Excess may refer to:

  • Angle excess, in spherical trigonometry, quantity, used to calculate the area of polygon on a sphere
  • Excess, in insurance, similar to deductible
  • Excess, in chemistry, describing any reagent that is not the limiting reagent
  • "Excess", a song by Tricky from the album Blowback
  • Excess (album), an album by Coma

Other articles related to "excess":

Tethered Particle Motion - Chip and Tether Assembly - Tether Assembly
... After an incubation of about 45min, the excess antibody has to be washed away ... After washing the excess antibody, the polymer should be injected into the chip and incubated for about the same time ... Excess beads should be washed out ...
... Joannis Gorraeus gave the name cacochymia to the abundance and excess of any ill humor, provided it is only one in excess plethora he called the abundance or excess ...
List Of Former WWE Programming - 2000s - Excess (2001–2002)
... Excess is a wrestling talk (originally call-in) show that featured WWF guest superstars and Divas ... the April 6, 2002 episode, the first hour of the show stayed under the Excess name, and was hosted by Michael Cole and Marc Lloyd, who presented an hour of SmackDown highlights and news ... The second hour was renamed Late Night Excess and was presented by The Coach and Raven ...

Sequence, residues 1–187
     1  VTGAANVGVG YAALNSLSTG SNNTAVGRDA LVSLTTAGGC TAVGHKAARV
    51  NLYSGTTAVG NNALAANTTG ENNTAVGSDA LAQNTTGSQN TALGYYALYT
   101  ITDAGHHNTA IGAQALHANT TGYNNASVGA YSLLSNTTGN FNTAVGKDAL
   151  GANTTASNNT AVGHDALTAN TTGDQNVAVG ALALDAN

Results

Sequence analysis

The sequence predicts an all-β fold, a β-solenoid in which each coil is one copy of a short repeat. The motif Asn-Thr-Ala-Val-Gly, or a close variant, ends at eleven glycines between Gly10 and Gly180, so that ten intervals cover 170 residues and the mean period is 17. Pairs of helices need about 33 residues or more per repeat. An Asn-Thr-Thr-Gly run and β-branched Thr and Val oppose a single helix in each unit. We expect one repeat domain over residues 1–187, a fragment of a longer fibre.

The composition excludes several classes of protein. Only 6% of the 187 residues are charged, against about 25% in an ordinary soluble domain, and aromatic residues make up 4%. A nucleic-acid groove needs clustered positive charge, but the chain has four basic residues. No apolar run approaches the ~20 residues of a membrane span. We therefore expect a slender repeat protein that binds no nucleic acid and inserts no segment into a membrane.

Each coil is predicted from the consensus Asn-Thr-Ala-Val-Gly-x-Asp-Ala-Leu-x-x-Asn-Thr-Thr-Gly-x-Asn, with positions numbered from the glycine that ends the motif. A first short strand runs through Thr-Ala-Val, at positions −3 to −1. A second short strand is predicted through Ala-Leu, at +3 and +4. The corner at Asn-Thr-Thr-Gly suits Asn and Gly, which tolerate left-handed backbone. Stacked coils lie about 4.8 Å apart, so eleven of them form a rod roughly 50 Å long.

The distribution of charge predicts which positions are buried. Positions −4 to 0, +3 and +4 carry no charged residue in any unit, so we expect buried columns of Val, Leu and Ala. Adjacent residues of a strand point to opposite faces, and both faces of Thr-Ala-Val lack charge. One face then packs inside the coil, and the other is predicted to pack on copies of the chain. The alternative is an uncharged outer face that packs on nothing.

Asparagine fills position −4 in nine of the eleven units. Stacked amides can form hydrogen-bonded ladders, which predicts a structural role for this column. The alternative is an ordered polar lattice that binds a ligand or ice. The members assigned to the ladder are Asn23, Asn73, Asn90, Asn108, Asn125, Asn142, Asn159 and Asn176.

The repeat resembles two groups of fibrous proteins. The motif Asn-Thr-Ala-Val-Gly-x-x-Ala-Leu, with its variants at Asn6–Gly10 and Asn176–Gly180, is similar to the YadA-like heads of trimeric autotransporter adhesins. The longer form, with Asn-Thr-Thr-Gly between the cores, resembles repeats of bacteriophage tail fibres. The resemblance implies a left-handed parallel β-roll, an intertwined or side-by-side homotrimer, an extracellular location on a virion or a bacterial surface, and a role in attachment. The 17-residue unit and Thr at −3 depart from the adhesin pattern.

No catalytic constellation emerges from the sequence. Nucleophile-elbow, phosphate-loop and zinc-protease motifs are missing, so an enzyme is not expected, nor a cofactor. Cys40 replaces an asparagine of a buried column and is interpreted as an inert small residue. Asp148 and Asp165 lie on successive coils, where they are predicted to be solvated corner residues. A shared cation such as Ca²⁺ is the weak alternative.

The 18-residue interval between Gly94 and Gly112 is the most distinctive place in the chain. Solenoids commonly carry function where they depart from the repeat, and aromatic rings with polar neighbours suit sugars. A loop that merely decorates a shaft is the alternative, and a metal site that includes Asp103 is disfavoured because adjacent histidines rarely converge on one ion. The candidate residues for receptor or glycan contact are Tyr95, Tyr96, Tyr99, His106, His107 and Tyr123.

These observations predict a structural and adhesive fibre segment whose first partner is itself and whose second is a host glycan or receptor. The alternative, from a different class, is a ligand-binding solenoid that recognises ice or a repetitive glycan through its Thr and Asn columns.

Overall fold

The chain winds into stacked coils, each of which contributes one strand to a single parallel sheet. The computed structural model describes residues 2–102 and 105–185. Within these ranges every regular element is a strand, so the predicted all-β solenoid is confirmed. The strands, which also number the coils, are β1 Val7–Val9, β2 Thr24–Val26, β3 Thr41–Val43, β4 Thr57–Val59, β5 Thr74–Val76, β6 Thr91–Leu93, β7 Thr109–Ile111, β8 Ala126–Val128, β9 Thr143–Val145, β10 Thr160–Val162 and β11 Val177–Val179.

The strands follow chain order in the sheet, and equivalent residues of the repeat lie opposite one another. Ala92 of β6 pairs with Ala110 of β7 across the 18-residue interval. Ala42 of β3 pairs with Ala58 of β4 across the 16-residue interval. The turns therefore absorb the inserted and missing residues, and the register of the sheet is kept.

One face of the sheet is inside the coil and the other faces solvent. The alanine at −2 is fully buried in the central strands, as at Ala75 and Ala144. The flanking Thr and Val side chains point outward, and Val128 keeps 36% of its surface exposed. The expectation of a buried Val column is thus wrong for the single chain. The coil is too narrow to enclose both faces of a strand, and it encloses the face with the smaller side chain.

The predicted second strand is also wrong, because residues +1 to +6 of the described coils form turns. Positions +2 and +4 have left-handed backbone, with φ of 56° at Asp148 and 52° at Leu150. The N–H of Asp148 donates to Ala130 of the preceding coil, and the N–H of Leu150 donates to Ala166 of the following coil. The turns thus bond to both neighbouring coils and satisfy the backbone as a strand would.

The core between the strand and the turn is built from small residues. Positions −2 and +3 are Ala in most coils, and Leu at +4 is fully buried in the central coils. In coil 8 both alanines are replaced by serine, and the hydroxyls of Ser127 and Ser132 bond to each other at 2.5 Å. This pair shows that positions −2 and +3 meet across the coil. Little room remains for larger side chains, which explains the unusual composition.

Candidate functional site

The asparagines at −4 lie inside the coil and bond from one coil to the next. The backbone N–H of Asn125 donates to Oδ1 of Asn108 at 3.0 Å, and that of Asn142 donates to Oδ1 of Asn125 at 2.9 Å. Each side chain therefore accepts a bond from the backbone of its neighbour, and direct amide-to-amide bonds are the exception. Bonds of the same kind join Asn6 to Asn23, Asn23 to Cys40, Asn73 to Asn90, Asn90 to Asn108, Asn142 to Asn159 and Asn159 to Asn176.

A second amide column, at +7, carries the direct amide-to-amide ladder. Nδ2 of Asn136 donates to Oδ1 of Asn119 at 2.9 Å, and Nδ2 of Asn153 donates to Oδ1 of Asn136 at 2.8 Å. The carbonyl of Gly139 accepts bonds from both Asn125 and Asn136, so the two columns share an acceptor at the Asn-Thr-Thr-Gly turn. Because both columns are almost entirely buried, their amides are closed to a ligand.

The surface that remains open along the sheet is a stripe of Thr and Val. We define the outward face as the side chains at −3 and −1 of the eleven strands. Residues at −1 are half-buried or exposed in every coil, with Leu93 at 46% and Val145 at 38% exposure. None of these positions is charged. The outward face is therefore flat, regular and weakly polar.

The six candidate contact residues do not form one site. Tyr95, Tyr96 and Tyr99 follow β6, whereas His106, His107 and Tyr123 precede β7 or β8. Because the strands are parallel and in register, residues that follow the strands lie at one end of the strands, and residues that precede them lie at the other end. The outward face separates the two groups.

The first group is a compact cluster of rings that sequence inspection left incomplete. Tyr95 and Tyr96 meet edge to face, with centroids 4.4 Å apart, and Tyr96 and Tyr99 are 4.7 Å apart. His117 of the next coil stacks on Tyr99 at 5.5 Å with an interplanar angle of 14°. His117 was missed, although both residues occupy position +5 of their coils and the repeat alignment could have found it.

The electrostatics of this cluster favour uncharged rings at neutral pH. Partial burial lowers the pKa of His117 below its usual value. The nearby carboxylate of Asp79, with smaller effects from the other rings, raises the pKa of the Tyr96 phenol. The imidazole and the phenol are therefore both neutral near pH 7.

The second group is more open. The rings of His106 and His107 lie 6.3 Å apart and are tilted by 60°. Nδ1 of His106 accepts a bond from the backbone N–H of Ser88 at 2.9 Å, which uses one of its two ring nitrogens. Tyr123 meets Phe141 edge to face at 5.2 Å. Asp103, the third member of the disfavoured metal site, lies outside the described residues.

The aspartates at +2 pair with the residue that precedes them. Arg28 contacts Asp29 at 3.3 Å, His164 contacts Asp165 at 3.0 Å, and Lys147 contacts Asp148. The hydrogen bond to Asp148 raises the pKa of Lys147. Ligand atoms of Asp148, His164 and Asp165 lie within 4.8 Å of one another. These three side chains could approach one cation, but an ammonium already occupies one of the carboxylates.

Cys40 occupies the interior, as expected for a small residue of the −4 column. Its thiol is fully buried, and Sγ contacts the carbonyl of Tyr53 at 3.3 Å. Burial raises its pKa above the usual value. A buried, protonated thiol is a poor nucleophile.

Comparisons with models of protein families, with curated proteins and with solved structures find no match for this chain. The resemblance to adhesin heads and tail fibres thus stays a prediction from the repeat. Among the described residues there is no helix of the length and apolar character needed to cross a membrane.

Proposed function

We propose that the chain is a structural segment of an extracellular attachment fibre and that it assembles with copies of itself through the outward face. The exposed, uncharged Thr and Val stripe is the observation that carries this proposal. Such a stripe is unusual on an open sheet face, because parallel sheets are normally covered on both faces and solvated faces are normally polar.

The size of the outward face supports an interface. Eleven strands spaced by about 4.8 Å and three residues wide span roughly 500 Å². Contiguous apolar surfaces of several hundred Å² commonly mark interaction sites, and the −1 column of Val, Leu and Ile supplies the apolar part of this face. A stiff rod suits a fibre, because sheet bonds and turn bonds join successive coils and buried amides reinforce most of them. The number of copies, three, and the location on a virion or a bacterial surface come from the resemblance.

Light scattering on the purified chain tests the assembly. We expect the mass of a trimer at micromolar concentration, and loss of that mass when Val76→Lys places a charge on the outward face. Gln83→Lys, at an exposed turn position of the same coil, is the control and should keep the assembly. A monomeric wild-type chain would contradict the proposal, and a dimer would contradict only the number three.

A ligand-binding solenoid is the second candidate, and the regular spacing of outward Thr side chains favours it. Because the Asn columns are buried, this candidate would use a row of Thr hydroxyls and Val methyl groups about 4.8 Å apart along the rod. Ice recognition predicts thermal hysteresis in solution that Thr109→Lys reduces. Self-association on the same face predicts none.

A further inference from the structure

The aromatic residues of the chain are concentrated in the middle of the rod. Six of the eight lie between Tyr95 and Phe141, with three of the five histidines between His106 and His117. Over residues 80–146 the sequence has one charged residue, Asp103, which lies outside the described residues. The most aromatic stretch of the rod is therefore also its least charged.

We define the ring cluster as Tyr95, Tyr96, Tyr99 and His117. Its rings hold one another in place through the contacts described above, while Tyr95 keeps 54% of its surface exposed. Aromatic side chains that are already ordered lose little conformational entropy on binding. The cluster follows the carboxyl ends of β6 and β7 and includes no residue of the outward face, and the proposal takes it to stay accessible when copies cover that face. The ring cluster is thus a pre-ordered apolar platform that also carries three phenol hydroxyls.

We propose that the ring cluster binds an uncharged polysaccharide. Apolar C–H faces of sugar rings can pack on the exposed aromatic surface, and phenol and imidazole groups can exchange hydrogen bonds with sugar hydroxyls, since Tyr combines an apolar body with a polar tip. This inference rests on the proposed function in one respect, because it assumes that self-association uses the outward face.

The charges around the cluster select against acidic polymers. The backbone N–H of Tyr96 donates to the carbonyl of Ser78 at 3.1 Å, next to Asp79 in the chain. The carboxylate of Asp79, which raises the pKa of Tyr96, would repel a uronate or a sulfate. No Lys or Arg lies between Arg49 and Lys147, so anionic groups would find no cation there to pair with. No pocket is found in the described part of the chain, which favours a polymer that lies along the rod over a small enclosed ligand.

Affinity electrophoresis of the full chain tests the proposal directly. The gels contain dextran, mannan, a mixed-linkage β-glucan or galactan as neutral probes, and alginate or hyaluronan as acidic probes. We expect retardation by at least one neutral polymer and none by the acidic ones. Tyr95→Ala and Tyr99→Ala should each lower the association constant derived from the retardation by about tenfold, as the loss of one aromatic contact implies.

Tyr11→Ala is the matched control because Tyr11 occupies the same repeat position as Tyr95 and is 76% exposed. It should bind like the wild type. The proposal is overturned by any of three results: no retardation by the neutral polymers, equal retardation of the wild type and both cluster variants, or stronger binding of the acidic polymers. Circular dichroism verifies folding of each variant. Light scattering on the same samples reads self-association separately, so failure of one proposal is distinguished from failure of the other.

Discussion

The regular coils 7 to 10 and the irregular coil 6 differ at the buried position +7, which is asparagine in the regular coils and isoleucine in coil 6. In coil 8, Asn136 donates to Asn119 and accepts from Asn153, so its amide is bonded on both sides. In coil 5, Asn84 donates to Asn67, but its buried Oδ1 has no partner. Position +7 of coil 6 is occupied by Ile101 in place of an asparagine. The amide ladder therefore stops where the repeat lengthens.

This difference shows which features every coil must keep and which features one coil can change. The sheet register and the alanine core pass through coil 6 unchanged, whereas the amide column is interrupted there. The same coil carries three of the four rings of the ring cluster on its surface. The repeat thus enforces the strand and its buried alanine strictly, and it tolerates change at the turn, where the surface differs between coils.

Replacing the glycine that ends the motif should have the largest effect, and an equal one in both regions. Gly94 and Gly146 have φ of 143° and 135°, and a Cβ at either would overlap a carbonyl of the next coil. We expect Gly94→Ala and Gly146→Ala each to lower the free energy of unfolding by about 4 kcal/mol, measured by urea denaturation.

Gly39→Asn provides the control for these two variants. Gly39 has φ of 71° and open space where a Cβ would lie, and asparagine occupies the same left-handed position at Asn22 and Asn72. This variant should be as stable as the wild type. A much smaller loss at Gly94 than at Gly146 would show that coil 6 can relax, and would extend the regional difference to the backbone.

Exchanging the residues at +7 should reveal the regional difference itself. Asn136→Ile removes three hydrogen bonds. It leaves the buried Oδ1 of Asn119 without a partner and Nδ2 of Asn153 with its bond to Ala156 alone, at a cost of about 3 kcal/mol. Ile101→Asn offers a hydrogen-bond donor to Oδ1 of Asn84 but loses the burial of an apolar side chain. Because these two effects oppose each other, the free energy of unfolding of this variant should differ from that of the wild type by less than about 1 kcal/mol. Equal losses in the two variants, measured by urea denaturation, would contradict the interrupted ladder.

Southern Regional College - Courses, Students and Faculty
... The college offers a wide range of courses in excess of 100 courses for full-time further education in excess of 80 courses on a full-time and part-time ...

Famous quotes containing the word excess:

    Our civilization survives in the complacency of cowardly or malignant minds—a sacrifice to the vanity of ageing adolescents.... In 1953, excess is always a comfort, and sometimes a career.
    Albert Camus (1913–1960)

    There may be an excess of cultivation as well as of anything else, until civilization becomes pathetic. A highly cultivated man,—all whose bones can be bent! whose heaven-born virtues are but good manners!
    Henry David Thoreau (1817–1862)

    Where an excess of power prevails, property of no sort is duly respected. No man is safe in his opinions, his person, his faculties, or his possessions.
    James Madison (1751–1836)